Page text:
Last time I posted about the upcoming console generation I made a big deal about how social features might define that generation for consumers. I still largely stand by that, but I also think console gaming is hitting an important impasse regarding developer relations.
You’ve had guys like Cliff Bleszinski and the president of Sony Computer Entertainment talking a bit about it, how platform holders need to be more flexible with developers. I think this could turn out to be one of the biggest changes going into the next generation. Really it’s been one of the most important aspects of console gaming for its entire history.
In an interview with Eurogamer, SCE head Shuhei Yoshida noted that Sony will allow indie developers to self-publish games on the PS4. SCE America head Jack Tretton also mentioned that they’ll allow PS4 games at various price points ranging from 99 cents (and likely free-to-play) to $60, letting developers set prices. Trine 2 Developer Frozenbyte a while ago also noted how they were able to self-publish the Wii U eShop version of the game, as opposed to going through an outside publisher for XBLA and PSN.
I think that’s a pretty big deal. It’s probably one of the biggest differences between the console digital distribution services, and other stores like Steam, iOS, and Google Play. Finding a full publisher is one of the biggest barriers for indies and probably why a lot of PC and mobile indie games don’t come out on consoles.
The price variation thing is a big deal too. The console game market during the current generation was almost cleanly bifurcated between $60 retail games — too many of which struggled to sell at $60, and small indie games for $15. If you look at, say, the PC during the same period, you see a lot of games in a nice place in-between that. You see $20 games like Amnesia and Strike Suit Zero that you don’t see on consoles at all. There are also cases of $1 iOS games like Angry Birds that for some reason had to be priced much higher on consoles.
I think Blezinski put it pretty well at the 2013 East Coast Gamer’s Conference. “Right now he suggested the console market is 80 percent $60 retail titles and 20 percent cheaper downloadable offerings, but it needs to embrace virtually all genres and all price points,” Gamesindustry.biz reported. “That means $20 horror games, $40 shooters, $60 AAA blockbusters, free-to-play, and everything in between, all easy to find for the audience who would be most interested in them.”
A third important element of publisher relations that seems to be changing next gen is platform holder policies on patching. I think a lot of developers have complained about all the bureaucracy involved in patching console games. “When Gears of War 2 launched and we found out that our netcode wasn’t working right, it took us three months to get an update out,” Bleszinski said. “By that time, the majority of users had moved on to the next game or had traded it in.”
In contrast, Steam and I think Apple have put the onus entirely on the developer to QA each patch, and they let developers release those patches without charge. I think the difference shows in how often software get’s patched on Steam or iOS as opposed to Xbox and PlayStation.
I think the developers of Dungeon Defenders basically gave up updating the console versions, but my Steam copy of the game seems to be downloading a patch all the freaking time. The number of content updates Valve has released for Team Fortress 2 on PC is in the triple digits — it’s hardly even the same game it was in 2007, but they gave up on the Xbox version after running into Microsoft’s policy on how many free updates a developer get’s. That same policy has forced Valve to charge for Left 4 Dead DLC on Xbox while offering it for free on PC. There’s also the infamous case of how Polygon declined to patch FEZ on Xbox because of the costs Microsoft imposed.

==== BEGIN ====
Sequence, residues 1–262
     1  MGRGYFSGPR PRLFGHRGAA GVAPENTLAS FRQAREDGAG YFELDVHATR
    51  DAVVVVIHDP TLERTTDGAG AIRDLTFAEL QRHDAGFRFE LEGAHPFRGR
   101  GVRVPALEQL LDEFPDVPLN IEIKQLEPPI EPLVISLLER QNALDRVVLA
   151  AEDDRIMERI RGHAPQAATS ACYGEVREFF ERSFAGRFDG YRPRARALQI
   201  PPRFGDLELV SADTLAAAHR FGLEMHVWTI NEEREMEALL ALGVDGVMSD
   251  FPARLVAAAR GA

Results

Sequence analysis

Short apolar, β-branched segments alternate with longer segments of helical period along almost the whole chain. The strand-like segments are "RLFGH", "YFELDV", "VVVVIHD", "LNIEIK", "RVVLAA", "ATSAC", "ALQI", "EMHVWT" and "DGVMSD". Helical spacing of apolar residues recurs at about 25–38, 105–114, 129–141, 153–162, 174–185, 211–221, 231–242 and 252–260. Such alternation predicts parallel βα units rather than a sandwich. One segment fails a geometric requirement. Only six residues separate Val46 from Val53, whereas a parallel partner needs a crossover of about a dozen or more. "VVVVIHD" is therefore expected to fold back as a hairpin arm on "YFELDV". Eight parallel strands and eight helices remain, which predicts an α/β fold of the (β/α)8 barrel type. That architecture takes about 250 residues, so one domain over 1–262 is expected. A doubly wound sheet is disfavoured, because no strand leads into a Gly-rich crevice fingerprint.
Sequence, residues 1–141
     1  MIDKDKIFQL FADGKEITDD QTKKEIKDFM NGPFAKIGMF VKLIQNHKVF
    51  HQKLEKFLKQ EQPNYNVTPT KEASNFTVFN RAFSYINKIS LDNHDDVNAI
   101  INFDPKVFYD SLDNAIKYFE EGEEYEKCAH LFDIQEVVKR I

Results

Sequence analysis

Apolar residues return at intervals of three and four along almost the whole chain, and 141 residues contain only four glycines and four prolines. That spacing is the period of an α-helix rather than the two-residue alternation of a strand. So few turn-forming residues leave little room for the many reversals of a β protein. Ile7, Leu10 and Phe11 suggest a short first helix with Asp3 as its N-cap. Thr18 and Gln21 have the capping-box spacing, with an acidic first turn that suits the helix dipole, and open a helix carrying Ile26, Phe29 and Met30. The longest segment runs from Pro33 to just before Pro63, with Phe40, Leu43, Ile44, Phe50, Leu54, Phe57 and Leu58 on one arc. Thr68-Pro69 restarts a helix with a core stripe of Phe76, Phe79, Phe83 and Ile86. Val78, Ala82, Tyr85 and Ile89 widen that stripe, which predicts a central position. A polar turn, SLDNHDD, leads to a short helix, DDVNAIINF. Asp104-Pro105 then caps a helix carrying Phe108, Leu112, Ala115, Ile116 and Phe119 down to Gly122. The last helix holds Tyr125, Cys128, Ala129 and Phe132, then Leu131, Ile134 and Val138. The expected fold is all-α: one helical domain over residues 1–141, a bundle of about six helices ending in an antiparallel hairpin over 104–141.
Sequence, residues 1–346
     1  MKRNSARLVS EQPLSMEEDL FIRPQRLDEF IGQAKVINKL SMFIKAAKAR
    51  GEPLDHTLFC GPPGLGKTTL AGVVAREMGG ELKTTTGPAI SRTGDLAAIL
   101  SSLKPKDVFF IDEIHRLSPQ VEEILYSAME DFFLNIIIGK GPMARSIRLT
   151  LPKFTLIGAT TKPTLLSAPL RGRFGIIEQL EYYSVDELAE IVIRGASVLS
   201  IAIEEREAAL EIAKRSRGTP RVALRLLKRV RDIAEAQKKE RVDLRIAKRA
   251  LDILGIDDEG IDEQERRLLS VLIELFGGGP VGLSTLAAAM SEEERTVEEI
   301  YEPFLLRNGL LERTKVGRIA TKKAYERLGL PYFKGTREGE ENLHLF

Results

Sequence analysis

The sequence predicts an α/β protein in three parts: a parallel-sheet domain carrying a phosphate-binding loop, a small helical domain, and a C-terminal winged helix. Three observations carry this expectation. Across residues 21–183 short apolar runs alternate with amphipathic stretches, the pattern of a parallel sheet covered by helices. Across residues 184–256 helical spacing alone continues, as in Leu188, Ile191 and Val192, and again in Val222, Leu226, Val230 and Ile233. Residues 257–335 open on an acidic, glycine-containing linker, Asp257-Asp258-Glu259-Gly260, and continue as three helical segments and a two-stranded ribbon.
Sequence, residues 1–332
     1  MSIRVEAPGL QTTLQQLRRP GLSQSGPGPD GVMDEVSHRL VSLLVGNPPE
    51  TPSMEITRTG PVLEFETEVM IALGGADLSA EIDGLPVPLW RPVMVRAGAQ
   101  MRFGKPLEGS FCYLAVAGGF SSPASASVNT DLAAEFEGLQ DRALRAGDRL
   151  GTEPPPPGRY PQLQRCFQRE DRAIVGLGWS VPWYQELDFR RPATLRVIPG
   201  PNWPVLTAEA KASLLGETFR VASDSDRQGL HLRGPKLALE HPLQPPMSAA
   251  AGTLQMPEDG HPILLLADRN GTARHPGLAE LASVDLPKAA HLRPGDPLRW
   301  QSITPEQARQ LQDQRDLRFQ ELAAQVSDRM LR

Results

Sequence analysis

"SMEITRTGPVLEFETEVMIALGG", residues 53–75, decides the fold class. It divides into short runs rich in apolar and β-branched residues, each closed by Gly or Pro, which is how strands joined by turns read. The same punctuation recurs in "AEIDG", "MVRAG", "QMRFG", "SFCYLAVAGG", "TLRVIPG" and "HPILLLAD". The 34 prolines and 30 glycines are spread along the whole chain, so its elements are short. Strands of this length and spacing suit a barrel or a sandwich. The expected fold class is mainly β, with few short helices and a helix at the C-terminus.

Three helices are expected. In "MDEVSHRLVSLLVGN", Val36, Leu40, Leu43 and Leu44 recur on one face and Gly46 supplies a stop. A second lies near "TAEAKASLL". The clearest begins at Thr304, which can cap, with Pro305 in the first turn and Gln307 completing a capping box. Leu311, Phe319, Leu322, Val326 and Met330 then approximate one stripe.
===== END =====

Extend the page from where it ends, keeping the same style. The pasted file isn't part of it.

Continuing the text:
In contrast, developers have already confirmed that Nintendo let’s Wii U developers patch for free and as often as they want. Sony and Microsoft definitely need to follow suit.
A Wired article puts all these factors together pretty well in what it and the Penny Arcade Report call “The Minecraft Test.” Basically, it asks if a phenomenon like Minecraft could have occurred on a particular game platform. Minecraft happened because Mojang was able to “release” the game in a proto state, switch up its pricing model as the company pleased, and update it whenever they wanted without having to go through approval processes. I don’t think a console will ever be as completely open as the PC (unless Ouya really takes off), but the current ones are probably still a little bit too closed.
And that’s really the whole point: If consoles really want to fight off mobile gaming, tablet gaming, and the resurgent PC, they need to be more flexible with developers. More flexibility will probably get a platform more software, and more software increases the value of the hardware.
That’s how it’s been since basically forever. Sony overtook Nintendo with the original PlayStation by offering third party publishers a friendly alternative to Nintendo’s then-draconian certification policies.
On the other hand, platform holders should still remember the reasons why they have content curators in the first place. Nintendo’s draconian policies resurrected console games after the 1983 crash that occurred because too many crappy games flooded the market. iOS is the perfect modern example of too little management, with good games struggling to stand out in a sea of shovelware along with a price ceiling so low as to prohibit full games.
A third party relations system built around big third party publishers has worked up until the current generation. With the resurgence of garage development though — with which mobile and PC have gotten along well and quickly, console’s are gonna have to find a new balance to accommodate them properly.